3. Fill the hole in the cork with Tacky Glue (or really whatever kind of glue you choose. Tacky Glue has never let me down in the past).

4. Gently push the threader into the hole.

5. Let it dry. Mine took hours to dry – I ended up having to finish it the next morning. To see if the glue was dry I tugged on the wire a little (very gently!) – if there was any give it wasn’t ready yet. Also, I found that as it dried, the glue sank down and there was still an indentation. Don’t be afraid to put more glue into the hole if you need it – you want it as flush with the top of the cork as possible.

6. After the glue is COMPLETELY dry, use the masking tape and tape off the edge of the cork. It’s okay if it isn’t perfect, that just makes it individual and special. 🙂 I decided not to tape off the wire because it is so thin and fragile.

7. Carefully paint an even coat onto the top of the cork. I used Berry Wine from Folk Art – I really love that brand. It seems to come in any colour I need.

8. Let it dry. This only took about an hour. NOTE: I ran my fingernail along the edge of the paint, and it is more than easy to scrape off if you make a mistake. You could always skip this painting part, but I think it looks better painted.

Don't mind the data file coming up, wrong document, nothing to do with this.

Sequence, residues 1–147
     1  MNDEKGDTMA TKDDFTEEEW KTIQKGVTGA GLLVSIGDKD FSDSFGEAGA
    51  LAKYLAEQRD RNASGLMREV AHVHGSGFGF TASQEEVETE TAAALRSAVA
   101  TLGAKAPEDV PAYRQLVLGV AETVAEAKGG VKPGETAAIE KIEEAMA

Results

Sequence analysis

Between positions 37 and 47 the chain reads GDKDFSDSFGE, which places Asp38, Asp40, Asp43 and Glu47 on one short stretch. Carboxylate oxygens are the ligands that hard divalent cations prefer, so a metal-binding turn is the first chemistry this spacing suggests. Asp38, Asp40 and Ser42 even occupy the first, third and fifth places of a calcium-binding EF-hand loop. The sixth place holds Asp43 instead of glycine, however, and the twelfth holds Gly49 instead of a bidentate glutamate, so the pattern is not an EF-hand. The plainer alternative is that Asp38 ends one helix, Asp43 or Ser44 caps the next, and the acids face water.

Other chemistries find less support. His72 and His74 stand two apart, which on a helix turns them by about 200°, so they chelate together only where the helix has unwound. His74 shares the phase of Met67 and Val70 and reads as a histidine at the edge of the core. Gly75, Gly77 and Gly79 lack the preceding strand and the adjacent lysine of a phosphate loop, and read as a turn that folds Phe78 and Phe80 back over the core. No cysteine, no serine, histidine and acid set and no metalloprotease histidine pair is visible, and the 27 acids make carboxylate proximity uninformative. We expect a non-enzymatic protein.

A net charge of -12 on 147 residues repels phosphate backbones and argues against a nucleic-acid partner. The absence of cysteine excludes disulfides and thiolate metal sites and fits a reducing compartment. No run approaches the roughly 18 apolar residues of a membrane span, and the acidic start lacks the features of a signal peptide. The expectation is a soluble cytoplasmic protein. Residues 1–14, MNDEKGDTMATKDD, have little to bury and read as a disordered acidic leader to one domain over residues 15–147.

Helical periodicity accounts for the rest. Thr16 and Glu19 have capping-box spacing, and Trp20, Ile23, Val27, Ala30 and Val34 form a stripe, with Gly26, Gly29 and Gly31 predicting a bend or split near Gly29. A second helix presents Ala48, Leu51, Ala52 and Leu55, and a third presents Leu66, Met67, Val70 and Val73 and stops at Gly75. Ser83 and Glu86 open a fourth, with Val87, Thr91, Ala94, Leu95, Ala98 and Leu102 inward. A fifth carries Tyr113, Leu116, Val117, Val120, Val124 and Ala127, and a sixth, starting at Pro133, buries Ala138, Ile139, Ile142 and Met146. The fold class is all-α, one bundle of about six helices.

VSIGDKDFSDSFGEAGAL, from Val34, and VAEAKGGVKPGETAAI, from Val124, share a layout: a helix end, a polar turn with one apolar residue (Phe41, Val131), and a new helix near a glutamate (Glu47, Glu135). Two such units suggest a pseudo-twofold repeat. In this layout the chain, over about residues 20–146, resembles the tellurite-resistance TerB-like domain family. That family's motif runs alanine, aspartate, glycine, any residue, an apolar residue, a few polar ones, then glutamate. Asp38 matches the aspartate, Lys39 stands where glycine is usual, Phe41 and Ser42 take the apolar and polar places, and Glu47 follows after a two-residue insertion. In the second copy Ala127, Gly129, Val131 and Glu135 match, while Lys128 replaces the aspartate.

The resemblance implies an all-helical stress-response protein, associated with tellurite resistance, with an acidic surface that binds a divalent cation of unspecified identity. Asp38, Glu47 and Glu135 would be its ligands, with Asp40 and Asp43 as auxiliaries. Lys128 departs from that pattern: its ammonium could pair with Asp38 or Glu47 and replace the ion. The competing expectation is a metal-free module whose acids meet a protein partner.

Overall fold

You are finished, my friend!

If you use this tutorial to make your own, please post a link to the picture of your finished product! I would so love to see it!!

Enjoy your weekend!


Filed under DIY, Embroidery, Poor Man's Project, Tutorial

And so it begins.

I’ve wanted a blog for a long time. I love visiting crafty-type blogs, so why not start one of my own? So over a bowl of my man’s chicken spaghetti (which is one of my very favourite meals he makes) and my cat sleeping by my side I have decided to do just that.


Thank you, me.

I have a lot of great crafty ideas, and I want to share them with the world. What better way to do that than with the interwebs? I may not have the most professional-looking blog, but I’ll evolve. I’ll get there. I BELIEVE IN ME.

Expect posts about crochet, embroidery, poor man’s projects (I’m a college student, i.e. broke), and who knows what else. I’m not a professional crafter (more like an enthusiast), and I don’t have a store or anything (yet), but there’s still time.